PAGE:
Life begins by the union of two cells known as gametes. These cells originate from the male and female parents, who produce the sperm and the ova. Within the gametes are structures known as chromosomes, which contain the genes. During fertilization, the gametes fuse and form a single cell known as the zygote, which carries 46 chromosomes.
If implantation occurs, the resulting zygote grows and develops through processes called mitosis and meiosis. With only a couple of letters separating the two words, each process is incredibly different, and confusing the two would significantly impact your understanding of cell division.
Differences Between Meiosis and Mitosis
Mitosis is when a cell duplicates its genetic material, resulting in two identical daughter cells containing 46 chromosomes.
Meiosis occurs when one cell with the correct number of chromosomes divides twice to produce four haploid cells (23 chromosomes). Each of the cells contains half the number of chromosomes as the parent cells.
Number of Daughter Cells
When mitosis occurs, it produces two daughter cells, each known as diploids. The diploid cells contain the same number of chromosomes as the parent cell.
When meiosis occurs, it produces four daughter cells, each known as haploids. The haploid cells contain half the number of chromosomes as the parent cell.
Where it Occurs
Mitosis occurs in all living organisms, except for viruses, while meiosis occurs only in plants, animals, and fungi.
Mitosis is useful in that it generates growth and repair of new cells when need be. Also, it is responsible for cell reproduction.
Meiosis is useful in that it facilitates genetic diversity resulting in new DNA. This is where natural selection comes to play to ensure only healthy, and strong organisms survive.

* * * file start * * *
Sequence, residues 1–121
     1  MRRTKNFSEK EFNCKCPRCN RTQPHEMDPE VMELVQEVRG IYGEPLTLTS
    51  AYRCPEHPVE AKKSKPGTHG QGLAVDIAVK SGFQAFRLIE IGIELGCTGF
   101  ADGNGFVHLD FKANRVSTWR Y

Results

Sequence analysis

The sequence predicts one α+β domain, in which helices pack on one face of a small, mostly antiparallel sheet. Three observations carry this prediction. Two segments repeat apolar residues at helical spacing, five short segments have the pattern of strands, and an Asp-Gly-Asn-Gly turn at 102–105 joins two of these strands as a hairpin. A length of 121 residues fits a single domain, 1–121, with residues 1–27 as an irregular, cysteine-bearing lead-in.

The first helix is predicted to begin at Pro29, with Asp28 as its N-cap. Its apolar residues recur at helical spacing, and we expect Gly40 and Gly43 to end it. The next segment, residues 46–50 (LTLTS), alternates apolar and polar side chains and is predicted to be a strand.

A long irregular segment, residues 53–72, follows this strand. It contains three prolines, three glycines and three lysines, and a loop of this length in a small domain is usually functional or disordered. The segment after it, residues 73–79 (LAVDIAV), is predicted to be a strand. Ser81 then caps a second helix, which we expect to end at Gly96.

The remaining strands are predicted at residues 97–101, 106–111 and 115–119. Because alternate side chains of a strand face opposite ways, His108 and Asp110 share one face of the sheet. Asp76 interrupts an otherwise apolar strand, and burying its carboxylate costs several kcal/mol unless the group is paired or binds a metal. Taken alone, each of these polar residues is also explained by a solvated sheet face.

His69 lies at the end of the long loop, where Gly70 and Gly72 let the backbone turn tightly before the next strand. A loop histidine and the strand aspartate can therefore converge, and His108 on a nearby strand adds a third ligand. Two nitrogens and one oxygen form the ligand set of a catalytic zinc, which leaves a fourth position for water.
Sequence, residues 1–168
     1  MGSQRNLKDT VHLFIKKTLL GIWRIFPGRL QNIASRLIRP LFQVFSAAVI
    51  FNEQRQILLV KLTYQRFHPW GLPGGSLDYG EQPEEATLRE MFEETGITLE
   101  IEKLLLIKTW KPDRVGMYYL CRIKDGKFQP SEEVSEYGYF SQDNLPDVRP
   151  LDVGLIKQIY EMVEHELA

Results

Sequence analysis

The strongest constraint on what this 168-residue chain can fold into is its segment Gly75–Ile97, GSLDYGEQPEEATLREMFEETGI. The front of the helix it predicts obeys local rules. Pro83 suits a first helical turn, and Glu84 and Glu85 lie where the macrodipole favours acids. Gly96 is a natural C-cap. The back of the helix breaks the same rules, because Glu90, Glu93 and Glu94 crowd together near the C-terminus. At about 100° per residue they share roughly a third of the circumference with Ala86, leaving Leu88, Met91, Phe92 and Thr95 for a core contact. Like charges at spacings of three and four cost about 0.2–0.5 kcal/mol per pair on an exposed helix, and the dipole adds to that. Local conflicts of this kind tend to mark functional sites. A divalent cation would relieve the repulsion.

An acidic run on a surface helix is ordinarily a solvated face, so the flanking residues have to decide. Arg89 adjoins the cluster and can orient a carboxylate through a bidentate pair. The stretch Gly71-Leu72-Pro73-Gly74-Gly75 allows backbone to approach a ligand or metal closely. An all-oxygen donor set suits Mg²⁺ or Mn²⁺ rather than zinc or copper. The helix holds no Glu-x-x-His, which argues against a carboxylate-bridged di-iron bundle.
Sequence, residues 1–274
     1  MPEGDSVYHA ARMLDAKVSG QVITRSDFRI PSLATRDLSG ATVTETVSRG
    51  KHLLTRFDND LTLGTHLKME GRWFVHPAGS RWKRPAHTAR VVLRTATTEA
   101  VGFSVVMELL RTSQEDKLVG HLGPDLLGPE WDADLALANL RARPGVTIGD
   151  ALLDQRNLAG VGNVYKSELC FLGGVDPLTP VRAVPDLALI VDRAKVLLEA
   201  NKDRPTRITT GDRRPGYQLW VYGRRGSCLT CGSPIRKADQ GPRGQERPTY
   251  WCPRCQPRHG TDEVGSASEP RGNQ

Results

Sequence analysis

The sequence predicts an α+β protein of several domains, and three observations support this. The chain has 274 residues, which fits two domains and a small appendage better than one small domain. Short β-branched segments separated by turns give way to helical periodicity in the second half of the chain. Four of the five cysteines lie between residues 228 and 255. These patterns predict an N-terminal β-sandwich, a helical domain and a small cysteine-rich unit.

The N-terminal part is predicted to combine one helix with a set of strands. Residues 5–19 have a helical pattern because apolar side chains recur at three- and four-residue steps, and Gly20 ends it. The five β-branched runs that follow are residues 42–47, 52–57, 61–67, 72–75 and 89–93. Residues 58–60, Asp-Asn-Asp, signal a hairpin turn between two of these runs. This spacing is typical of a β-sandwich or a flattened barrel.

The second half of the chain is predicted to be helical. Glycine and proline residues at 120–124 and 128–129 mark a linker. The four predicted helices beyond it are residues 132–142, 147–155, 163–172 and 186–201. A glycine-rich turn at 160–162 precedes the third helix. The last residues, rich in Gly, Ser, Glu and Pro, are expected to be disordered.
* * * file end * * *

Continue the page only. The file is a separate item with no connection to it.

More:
When mitosis occurs, there is no tetrad formation, while meiosis forms a tetrad during the prophase 1 stage.
Genetic Composition of New Cells
In mitosis, the new daughter cells are genetic clones because there’s no genetic crossing over of the cells.
In meiosis, genetic crossing over and recombination of the cells occur thanks to the random segregation of the homologous chromosomes.
Steps of Cell Division
There are only four cell division steps in mitosis: prophase, metaphase, anaphase, and telophase.
In meiosis, the same four steps named above get divided into several sub-steps: (Meiosis 1) Prophase I, Metaphase I, Anaphase I, Telophase I; (Meiosis 2) Prophase II, Metaphase II, Anaphase II, and Telophase II.
Mode of Reproduction
In mitosis, the mode of reproduction is asexual and takes place in sematic cells only. Examples of sematic cells are fat cells, blood cells, and skin cells.
In meiosis, the mode of reproduction is sexual, and it takes place in germ cells. Germ cells include any sex cell.
Mitosis and meiosis have distinct differences, as discussed above. Mitosis facilitates growth during the early stages of development and repairs/replaces worn-out cells during the late developmental stages. Meiosis, on the other hand, facilitates genetic diversity and the production of a new population.